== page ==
It is a truth universally acknowledged that a passive investor in possession of a quote from William Sharpe must be in want of a megaphone.
One of Sharpe’s most popular lines comes from his 1991 essay ‘The Arithmetic of Active Management,’ in which he claimed that, ‘Properly measured, the average actively managed dollar must underperform the average passively managed dollar, net of costs.’
‘Over any specified time period, the market return will be a weighted average of the returns on the securities within the market, using beginning market values as weights,’ the Nobel laureate continued. ‘Each passive manager will obtain precisely the market return, before costs. From this, it follows (as the night from the day) that the return on the average actively managed dollar must equal the market return. Why? Because the market return must equal a weighted average of the returns on the passive and active segments of the market.’
The essence of this is that active managers, in aggregate and whether operating within a mutual fund structure or not, own the whole market. The passive investor earns the return from the whole of the market, which is to say the average of the active managers. Passive funds tend to have lower costs than active funds, so indexers outperform the average manager on a net basis.
But does that model reflect reality? New research by Sanjeev Bhojraj of Cornell University and Young Jun Cho of Singapore Management University examines whether active and passive investors really do own the entire market in a meaningful way.
Passive is the new active
Narrowing down their dataset for simplicity, Bhojraj and Cho took the Center for Research in Security Prices’ universe of more than 3,500 domestic US stocks as their benchmark and compared it with the aggregate holdings of passive domestic equity funds. They employed the active share technique, which calculates what proportion of a portfolio’s holdings differs from the benchmark’s holdings.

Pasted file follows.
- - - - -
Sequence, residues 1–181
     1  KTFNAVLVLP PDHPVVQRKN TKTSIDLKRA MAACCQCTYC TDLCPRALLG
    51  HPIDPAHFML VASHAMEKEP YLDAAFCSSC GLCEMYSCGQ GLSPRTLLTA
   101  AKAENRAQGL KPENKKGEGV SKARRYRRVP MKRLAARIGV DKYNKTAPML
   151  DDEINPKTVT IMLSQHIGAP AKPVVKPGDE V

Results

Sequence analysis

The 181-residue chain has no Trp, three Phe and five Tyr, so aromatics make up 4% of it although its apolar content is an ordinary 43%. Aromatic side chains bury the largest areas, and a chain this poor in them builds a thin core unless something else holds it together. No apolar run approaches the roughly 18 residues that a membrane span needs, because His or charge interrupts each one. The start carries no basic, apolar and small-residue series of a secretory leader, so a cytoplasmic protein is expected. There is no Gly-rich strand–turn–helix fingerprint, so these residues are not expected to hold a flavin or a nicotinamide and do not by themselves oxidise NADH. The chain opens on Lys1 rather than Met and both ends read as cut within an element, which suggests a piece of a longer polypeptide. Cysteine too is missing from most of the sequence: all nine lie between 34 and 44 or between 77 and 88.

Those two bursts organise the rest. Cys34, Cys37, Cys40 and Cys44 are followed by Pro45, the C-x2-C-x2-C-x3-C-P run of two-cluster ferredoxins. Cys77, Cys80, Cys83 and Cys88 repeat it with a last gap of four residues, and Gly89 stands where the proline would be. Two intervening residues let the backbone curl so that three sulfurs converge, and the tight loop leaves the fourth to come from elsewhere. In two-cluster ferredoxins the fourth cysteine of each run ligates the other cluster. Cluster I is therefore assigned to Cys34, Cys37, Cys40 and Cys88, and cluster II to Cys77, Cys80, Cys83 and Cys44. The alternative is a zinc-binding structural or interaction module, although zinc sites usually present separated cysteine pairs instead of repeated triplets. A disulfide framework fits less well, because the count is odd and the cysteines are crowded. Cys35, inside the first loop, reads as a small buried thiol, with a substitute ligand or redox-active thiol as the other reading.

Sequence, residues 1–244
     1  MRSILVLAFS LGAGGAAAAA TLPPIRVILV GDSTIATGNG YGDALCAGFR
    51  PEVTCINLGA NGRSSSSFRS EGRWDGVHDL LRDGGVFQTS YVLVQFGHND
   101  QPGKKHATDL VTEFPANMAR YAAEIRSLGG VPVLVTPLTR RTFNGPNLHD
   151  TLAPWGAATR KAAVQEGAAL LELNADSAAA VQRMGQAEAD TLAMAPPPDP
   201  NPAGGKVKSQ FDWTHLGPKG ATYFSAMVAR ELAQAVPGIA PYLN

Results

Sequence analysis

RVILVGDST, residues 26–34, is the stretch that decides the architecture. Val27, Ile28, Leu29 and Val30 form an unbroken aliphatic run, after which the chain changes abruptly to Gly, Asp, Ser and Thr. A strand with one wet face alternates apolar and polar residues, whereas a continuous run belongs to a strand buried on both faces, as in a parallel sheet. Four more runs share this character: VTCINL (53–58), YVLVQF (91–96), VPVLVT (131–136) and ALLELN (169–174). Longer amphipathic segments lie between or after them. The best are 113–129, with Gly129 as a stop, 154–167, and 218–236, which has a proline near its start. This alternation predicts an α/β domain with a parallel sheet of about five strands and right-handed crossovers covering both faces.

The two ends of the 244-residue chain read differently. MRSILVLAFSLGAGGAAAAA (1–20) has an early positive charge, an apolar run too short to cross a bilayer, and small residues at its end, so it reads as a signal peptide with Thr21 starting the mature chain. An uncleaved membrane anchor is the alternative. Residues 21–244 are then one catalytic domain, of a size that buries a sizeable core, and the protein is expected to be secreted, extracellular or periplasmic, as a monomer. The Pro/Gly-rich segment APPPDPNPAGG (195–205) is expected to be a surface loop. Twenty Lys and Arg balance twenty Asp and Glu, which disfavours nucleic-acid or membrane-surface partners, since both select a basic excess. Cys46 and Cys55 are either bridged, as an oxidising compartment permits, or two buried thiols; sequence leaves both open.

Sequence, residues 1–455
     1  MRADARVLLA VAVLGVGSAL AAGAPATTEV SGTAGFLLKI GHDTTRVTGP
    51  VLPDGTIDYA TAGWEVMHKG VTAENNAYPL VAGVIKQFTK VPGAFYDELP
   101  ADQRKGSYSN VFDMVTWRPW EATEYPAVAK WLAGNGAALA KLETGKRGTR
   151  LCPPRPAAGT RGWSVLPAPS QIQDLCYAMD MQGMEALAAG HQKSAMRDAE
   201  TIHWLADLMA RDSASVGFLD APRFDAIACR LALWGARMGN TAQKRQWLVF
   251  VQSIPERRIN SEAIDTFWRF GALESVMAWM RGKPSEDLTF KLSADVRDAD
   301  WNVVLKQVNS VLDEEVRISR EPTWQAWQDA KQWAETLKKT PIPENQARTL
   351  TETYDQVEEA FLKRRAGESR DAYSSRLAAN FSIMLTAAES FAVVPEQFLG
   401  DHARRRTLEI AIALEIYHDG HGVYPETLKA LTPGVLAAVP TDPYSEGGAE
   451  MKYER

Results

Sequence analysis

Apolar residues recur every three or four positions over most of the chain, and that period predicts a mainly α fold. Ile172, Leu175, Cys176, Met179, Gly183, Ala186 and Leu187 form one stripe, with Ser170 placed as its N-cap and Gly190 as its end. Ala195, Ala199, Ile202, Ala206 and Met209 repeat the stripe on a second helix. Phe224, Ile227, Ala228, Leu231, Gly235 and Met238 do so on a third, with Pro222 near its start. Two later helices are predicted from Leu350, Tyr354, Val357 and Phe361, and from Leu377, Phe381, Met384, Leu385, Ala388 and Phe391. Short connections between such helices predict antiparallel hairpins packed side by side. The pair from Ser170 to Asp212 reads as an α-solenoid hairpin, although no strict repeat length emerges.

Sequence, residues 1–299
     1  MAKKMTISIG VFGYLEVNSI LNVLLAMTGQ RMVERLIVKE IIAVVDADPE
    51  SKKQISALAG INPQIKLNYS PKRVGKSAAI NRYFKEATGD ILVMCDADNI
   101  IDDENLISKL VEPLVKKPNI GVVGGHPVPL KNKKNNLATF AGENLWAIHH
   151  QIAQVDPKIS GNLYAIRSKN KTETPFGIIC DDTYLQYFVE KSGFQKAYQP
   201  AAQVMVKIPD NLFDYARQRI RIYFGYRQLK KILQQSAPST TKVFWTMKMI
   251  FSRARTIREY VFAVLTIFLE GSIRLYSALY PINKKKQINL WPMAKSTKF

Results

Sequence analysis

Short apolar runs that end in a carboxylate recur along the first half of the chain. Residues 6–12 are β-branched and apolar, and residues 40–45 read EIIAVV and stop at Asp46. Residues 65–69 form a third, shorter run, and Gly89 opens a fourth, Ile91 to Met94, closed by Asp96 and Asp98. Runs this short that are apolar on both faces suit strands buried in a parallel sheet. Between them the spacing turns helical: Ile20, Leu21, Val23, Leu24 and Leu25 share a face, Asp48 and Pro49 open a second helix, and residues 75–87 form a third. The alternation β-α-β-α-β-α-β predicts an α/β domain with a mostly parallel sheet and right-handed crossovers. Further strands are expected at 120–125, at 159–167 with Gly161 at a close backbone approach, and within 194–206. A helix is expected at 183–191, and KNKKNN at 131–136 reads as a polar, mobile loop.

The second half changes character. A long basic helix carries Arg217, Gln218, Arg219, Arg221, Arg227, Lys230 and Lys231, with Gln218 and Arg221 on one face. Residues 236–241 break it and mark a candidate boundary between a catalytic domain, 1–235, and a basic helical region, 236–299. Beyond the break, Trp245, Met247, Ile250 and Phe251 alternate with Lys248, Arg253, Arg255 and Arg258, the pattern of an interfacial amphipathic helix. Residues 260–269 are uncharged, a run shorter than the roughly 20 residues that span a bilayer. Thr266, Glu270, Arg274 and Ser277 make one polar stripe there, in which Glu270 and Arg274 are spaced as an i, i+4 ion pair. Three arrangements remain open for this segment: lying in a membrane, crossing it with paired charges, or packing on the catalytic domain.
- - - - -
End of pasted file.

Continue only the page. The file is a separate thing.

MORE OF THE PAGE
Active share is more commonly used to measure how closely active managers are hugging their indices, but in this case it also revealed the active biases in nominally passive vehicles. An S&P 500 ETF, for example, will have a high active share relative to the broader US stock market because it only owns large caps, meaning that investors in such funds are not really making a passive allocation to US equities as a whole.
Unsurprisingly, then, Bhojraj and Cho discovered that passive funds had a remarkably high active share in the early days of index investing. The figure stood at 45% in 1990, rising to a peak of 47% two years later, before dwindling to its current value of 25%.
‘The 1990s were characterized by passive funds that were heavily weighted toward large-cap stocks,’ the authors observed. ‘This means that, in aggregate, the performance of passive funds was heavily influenced by the performance of large-cap stocks. The drop in the active share of passive funds suggests an increasing similarity in portfolio holdings between the stocks held by passive funds in aggregate and the broad universe of stocks. This is consistent with more money flowing into passive small- and mid-cap funds, making it more difficult for active funds to attract investors in this space.’
Interestingly, the active share of active managers in aggregate is only a little higher than the figure for passive funds, at 31% today compared with 44% in 1990.
The primary reason why the active share for passive investors isn’t closer to zero is that ETFs systematically underweight small caps. As well as favoring small caps, active managers have a substantially stronger bias to momentum names and recent IPOs, plus a more modest preference for growth stocks.
This in turn has implications for the performance debate between active and passive investors. Looking at their full sample period of 1992 to 2017, Bhojraj and Cho found that passive vehicles on average outperformed active funds by about five basis points (bps) per month on an equal-weighted basis and by 10 bps per month in asset-weighted terms.
But this was a tale of two periods. Between 1992 and 1998, passive beat active by a massive 24 bps per month. However, from 1999 to 2017, the difference in performance was not statistically significant. Furthermore, when they controlled for factors, the academics determined that there was no difference between active and passive performance, even after fees.
‘Our evidence suggests that passive and active funds in aggregate hold positions that are different from each other as well as when compared with the universe of stocks,’ Bhojraj and Cho concluded. ‘We also find that the holdings differ between the groups along systematic dimensions. This raises the possibility that returns across the two groups could vary at any point in time. For example, active funds’ greater exposure to small/mid-cap and momentum stocks – as well as their smaller exposure to value stocks – suggests that active funds are likely to outperform during the periods when small, value and momentum stocks perform well.’